Along with the moments that we have in life where we are consciously making decisions, I think there are also moments that God lets us experience. These could be for our benefit or for the benefit of others. I have wondered about moments that affect a member’s activity. Was there a moment that would have kept someone active in the Church? Perhaps more importantly, was there a moment that depended on someone else that would have kept them in the Church, but that person wasn’t there for them? I can picture a person struggling silently. They are waiting, hoping for someone to come and talk with them. Sure, it’d be great if they could reach out and find someone to talk to themselves, but in their state of mind, they just can’t do it. Unfortunately the visiting teachers and home teachers don’t visit. Perhaps the person came to Church and no one said hi to them. We’ve lost them. Always remember, that when we make decisions, they don’t just affect us, but everyone around us. I remember for a period of time I would pray that despite my failings, my family wouldn’t suffer because of them. This made sense to me. I was being unselfish, and praying for them. Then one day it hit me hard. How can I pray that my failings won’t affect them, when obviously my failings affect me? If I want my family to be happy, and loving, then I need to be happy and loving. I need to make the right decisions myself and then create an environment where my family can learn to make the right decisions.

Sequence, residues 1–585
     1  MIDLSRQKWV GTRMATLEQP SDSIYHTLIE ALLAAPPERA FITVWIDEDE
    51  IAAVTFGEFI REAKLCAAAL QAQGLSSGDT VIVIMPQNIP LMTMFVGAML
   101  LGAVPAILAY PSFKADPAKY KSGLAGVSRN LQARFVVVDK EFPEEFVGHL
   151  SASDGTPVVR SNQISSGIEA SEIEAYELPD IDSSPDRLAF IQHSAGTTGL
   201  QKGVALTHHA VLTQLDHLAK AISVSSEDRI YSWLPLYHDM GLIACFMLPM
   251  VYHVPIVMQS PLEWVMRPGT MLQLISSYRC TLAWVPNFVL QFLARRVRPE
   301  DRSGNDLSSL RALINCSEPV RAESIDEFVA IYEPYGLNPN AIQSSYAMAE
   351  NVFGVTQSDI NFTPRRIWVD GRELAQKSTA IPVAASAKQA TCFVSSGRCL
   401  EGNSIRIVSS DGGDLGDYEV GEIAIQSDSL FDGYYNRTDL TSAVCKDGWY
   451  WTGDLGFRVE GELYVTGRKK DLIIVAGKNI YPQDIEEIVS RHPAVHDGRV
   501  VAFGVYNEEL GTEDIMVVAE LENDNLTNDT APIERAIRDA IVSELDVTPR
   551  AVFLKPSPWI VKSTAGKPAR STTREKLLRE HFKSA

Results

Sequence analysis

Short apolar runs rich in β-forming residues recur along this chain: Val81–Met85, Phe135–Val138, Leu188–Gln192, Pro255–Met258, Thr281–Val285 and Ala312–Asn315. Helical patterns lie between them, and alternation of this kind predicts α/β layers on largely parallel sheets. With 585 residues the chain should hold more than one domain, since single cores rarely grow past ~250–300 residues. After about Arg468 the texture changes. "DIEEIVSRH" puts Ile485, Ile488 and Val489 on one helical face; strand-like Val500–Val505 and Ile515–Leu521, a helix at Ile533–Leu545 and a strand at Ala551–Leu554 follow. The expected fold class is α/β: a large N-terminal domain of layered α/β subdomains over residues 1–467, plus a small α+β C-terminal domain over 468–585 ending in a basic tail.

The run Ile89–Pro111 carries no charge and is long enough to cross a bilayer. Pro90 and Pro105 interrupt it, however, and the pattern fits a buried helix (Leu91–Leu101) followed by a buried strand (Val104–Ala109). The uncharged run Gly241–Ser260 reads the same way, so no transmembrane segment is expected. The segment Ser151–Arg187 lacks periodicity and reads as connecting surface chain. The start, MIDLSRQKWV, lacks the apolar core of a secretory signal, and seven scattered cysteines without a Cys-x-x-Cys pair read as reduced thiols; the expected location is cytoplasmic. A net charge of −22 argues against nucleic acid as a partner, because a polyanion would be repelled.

Another aspect of these moments that God lets us experience is that you have to be involved. I’m sure you’ve been to meetings or conferences, maybe even gone home and visiting teaching, where you felt clearly, “I’m glad I was here”. Well, you were there. What would you have missed out on if you hadn’t been there? I think so much of the gospel is like this. You’ve probably heard me say before that I know we can’t do everything, but we have to do something. Is every RS activity exciting? Is every Mutual activity fun? Is the food at every ward picnic or Christmas dinner awesome? Is every talent show showcasing world-class talent? Of course not, but that’s all part of being in this Church community. We are brothers and sisters. We are a community of latter-day saints, and we need to be there for one another.